It’s been a busy couple of months of dedications on the Ole Miss campus, from the Manning Center, to The Pavilion at Ole Miss, to Chucky Mullins Drive, and now the Tuohy Basketball Center.
The most recent dedication, held Saturday inside the the recently renamed Tuohy Basketball Center, honored the extraordinary contributions of Sean Tuohy and his family to the University of Mississippi.
“This is a perfect fit to have the Tuohy name on the basketball center, one of the best buildings on this campus,” Ole Miss Athletics Director Ross Bjork said. “It couldn’t get any better and be synonymous with our core values and what the Tuohy family stands for. These are great people, first and foremost, who happen to become successful and give back in a meaningful way. That’s the bottom line.”
Sean Tuohy, who played for the Rebels from 1979-82, is synonymous with Ole Miss basketball. The SEC all-time assists leader with 830, his 260 assists as a sophomore are an SEC single-season record. Tuohy also earned All-SEC honors three times and guided Ole Miss to three consecutive postseason appearances, including the 1981 SEC Tournament championship and the program’s first NCAA Tournament appearance.
After his playing career at Ole Miss, Sean founded RGT Management, Inc., and has served as its president ever since. He and Leigh Anne, an interior designer and motivational speaker, are the proud of parents of one daughter, Collins, and two sons, Michael Oher and Sean Jr. The Tuohy family was the subject of Michael Lewis’ 2006 book The Blind Side: Evolution of a Game, and the subsequent film adaptation, The Blind Side, in 2009.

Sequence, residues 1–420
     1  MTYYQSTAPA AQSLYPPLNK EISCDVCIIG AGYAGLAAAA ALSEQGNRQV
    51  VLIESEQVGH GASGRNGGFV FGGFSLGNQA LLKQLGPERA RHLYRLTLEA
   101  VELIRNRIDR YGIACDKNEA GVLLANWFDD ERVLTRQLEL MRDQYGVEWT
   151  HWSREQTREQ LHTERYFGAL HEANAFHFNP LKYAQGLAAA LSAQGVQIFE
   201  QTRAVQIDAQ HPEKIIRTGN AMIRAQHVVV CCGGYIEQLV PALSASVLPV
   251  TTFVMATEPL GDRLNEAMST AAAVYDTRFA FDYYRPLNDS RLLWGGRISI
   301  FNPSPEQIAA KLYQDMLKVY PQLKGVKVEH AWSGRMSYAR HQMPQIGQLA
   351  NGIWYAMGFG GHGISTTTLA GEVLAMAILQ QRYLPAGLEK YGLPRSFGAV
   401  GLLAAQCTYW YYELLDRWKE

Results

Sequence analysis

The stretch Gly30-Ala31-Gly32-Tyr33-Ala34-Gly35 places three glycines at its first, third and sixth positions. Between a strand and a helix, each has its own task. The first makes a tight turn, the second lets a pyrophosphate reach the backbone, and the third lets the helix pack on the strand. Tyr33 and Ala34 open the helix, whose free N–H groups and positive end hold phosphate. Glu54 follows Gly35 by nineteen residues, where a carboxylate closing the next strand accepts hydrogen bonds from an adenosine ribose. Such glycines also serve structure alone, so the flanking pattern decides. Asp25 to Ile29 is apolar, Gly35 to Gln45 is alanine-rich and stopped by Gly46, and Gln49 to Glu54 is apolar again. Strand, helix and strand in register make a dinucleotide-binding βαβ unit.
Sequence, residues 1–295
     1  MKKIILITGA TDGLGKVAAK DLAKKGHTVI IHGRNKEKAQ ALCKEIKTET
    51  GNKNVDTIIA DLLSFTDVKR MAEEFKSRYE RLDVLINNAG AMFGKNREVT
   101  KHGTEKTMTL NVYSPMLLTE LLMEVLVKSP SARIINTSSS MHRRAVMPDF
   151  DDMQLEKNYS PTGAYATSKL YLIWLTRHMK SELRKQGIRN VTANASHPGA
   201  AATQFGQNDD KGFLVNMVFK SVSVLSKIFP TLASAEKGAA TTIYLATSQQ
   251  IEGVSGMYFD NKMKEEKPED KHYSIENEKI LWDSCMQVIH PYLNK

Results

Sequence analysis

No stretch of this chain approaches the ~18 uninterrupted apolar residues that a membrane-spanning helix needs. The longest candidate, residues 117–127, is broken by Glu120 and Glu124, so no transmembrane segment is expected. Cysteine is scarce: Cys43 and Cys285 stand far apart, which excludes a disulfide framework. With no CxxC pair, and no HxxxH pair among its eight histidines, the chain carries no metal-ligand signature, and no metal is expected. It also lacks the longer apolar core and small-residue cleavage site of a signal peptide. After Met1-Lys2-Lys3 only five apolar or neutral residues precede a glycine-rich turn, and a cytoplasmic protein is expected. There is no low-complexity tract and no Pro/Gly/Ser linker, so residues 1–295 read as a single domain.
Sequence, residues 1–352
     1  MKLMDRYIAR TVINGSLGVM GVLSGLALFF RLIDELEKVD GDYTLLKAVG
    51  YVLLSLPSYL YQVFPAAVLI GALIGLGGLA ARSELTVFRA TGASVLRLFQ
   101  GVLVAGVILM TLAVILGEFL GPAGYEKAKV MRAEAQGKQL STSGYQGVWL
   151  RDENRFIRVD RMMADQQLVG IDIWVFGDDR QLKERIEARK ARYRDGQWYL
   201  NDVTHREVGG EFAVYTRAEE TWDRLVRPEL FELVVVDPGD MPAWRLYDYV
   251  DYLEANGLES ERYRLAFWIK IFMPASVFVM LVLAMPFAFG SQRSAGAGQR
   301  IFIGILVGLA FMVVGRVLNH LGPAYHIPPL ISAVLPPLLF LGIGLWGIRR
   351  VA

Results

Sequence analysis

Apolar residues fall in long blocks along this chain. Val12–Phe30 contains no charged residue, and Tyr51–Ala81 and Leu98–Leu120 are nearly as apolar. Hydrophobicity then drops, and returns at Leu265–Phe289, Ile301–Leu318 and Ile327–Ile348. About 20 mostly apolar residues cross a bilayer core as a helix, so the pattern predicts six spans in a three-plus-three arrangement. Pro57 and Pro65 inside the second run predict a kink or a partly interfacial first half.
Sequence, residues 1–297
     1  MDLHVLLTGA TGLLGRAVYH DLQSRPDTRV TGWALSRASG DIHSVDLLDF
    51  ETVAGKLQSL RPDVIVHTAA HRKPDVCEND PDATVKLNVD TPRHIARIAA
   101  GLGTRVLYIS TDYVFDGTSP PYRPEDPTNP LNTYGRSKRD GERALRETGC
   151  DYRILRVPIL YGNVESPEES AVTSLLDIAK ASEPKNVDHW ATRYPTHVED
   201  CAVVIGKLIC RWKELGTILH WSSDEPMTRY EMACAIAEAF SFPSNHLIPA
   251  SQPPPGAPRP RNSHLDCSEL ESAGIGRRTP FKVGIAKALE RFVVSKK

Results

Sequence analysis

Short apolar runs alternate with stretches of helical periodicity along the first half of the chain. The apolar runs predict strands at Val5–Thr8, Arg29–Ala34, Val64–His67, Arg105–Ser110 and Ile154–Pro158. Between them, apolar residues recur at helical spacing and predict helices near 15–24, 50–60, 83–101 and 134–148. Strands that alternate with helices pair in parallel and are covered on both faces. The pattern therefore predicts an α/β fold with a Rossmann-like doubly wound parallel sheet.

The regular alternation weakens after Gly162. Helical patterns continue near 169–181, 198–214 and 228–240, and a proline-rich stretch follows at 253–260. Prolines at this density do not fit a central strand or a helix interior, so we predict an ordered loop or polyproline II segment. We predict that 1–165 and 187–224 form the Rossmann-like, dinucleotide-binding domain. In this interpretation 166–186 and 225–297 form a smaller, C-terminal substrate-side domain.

“We’re here today to recognize the Tuohy family and we are thankful for all that you do for Ole Miss, our broader community and for making the world a better place,” Ole Miss Chancellor Dan Jones said. “They are real people. It’s not all that you see in the movie or see in the book by Michael Lewis.
“What you see here today is evidence of some of the giving they do that’s visible for Ole Miss and their support for Ole Miss, but there are scores of things they do that don’t get recognized. They are people with a giving heart.”
Head women’s basketball Matt Insell spoke at the dedication, while head men’s basketball coach Andy Kennedy and head football coach Hugh Freeze delivered video messages to those in attendance, giving thanks to the Tuohy family for their contributions.
“When I go into homes, not only do tell recruits about the Tuohy family and all of the great things they have done here at Ole Miss, but I can tell them they’re going to practice every day in the Tuohy Basketball Center,” Insell said.
“You have given so much to this university and to me personally that it is such an honor that we can give back to you today by naming one of our best buildings on campus after you,” Freeze said. “You are so deserving. I can’t begin to tell you how much thanks we have for what you have done.”
To close the dedication, Sean Tuohy spoke about putting in work in the gym, a sports analogy the Tuohy family has lived out in each of their walks of life, which made it a perfect fit for the entire family.
The Tuohy Basketball Center, one of the premiere basketball practice facilities in the nation, embodies that same spirit as the practice home for both the men’s and women’s basketball teams.
“This is a building where kids show up and coaches have huge hopes for them,” Tuohy said. “They show up from all parts of the country at all different levels of skill. They come here with hope. It’s a hope that they become part of a team, it’s a hope they go on to of a successful career, and it’s a hope that get a college degree. It’s a building of hope.”
Courtesy of Ole Miss Sports Information
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